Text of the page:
Improving menstrual health and hygiene for women and girls in East Darfur
UNICEF supports vulnerable girls and women in internally displaced camps with menstrual hygiene kits
Menstrual hygiene management (MHM) is one of the neglected health and hygiene issues surrounding the rights of vulnerable girls and women in camps for internally displaced persons (IDPs). For hundreds of these vulnerable women and girls living in IDP camps, this natural monthly occurrence is disruptive.
Women and girls in IDP camps often deal with the lack of access to menstrual hygiene products or if they are available the sharp rise in the price of sanitary pads makes it impossible to buy due to poverty. Stigma and period poverty has a significant impact on the lives of vulnerable women and girls in IDP camps who often have to resort to using unhygienic alternatives such as using dried leaves and dirty old clothes as sanitary pads. This causes discomfort that can increase their risk of infections - especially since they are often washed without detergents and dried indoors, out of shame and fear of superstitions related to menstruation.
Hygiene and menstruation
Without improved hygiene behavior such as handwashing with soap and water after changing used clothes and sanitary napkins it will be challenging for women and girls to stay healthy during their menstrual cycle.
To address the persistent issues of health and hygiene UNICEF partnered with the State Ministry of Health and the State Ministry of Social Welfare to support improved hygiene behaviors among this population. Hygiene educators trained a total of 600 women and girls in the camp, distributed family hygiene kits including sanitary towels and spread messages to combat stigma.
The women and girls were so relieved and happy after receiving the sanitary pads, as it meant that they can have their periods without fear of embarrassment and they no longer had to stay in isolation at home and miss activities or school.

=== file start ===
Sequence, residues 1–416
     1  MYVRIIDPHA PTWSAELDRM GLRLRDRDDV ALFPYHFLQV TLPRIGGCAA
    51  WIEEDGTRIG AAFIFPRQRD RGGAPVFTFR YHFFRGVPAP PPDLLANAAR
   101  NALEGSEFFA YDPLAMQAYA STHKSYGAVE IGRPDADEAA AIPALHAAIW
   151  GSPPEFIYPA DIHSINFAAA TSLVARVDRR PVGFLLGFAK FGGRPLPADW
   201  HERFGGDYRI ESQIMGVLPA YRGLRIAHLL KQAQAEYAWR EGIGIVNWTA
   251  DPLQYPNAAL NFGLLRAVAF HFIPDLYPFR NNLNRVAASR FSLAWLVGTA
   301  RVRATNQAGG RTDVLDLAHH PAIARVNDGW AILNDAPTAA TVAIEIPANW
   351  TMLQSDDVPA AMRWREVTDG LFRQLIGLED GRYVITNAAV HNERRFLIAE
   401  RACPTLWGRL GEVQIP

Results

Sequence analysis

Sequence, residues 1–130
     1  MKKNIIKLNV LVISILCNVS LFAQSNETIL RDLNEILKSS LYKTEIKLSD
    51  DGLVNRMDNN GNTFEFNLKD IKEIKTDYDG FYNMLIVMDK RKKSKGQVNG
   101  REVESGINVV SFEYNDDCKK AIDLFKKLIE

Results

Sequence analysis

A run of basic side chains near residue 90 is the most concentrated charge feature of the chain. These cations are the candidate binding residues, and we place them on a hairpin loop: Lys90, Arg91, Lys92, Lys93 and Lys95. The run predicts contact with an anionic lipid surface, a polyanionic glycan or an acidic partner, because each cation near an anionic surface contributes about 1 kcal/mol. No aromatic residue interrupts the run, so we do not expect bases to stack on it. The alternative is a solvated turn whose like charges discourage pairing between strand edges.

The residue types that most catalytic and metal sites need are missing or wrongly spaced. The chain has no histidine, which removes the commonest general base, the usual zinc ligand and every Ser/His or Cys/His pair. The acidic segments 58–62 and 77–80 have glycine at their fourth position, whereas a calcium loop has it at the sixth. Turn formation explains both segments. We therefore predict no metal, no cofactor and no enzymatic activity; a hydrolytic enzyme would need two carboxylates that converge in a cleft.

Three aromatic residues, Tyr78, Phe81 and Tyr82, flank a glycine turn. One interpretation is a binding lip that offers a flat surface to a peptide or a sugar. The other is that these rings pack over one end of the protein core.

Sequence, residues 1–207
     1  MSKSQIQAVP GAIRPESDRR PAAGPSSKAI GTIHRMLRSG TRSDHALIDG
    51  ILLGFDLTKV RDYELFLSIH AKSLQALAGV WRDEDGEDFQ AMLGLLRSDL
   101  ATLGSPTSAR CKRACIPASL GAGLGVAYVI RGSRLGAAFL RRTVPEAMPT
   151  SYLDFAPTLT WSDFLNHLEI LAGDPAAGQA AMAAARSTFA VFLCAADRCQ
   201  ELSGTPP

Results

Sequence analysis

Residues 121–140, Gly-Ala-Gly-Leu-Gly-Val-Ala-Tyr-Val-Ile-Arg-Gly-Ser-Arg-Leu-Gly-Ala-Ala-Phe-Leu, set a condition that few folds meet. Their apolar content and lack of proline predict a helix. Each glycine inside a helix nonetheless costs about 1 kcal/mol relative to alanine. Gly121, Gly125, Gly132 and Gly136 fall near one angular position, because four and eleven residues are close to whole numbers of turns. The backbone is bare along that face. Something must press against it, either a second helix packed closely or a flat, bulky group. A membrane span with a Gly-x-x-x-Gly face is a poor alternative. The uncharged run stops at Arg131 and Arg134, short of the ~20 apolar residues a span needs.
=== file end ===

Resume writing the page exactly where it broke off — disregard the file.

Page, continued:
Leila Mustafa who lives in the camp and participated in the training said, “I share a little torn towel with my 11-year-old daughter during our menstruation because buying actual sanitary pads from the shops is very expensive and not available. The family hygiene kits are crucial for us. In the past I used to feel bad each time I had my monthly period, I didn’t feel comfortable using unhygienic rugs they are not comfortable, nor are they effective, and they can lead to very serious health concerns, with free disposable sanitary pads provided, I can safely manage my health, I can now openly talk about menstruation and the sanitary pads. I feel confident and empowered.”
Bringing change to the community
Nasra Ali, 15-years-old, was inspired by the training session. She quickly understood the value of the education which focused on how menstrual hygiene and health could be practiced in the camp where UNICEF supported water and sanitation facilities could helpt to manage periods safely and with dignity when practiced with improved hygiene practices.
Nasra felt empowered, she volunteered and joined the hygiene educators to mobilize her friends and family. With the support of hygiene educators, she managed to speak up to women and girls on the risk of sharing of re-usable pads and not washing their hands with soap and water after changing sanitary napkins. She also demonstrated how to use the pads provided by UNICEF. to empower them to manage their period safely, hygienically and with confidence.
More women and girls became enthusiastic along with Nasra, because of her ability to influence fellow community members on their behavior, they joined the hygiene educators to advocate to many different members of the communities. Students, parents, teachers, community leaders, women and girls changed their practice of using old sets of dirty clothes and adapted sanitary pads provided, which help women and girls manage their periods safely hygienically and with dignity.
Nasra now, and her community, now have what every girl deserves, the right to dignity.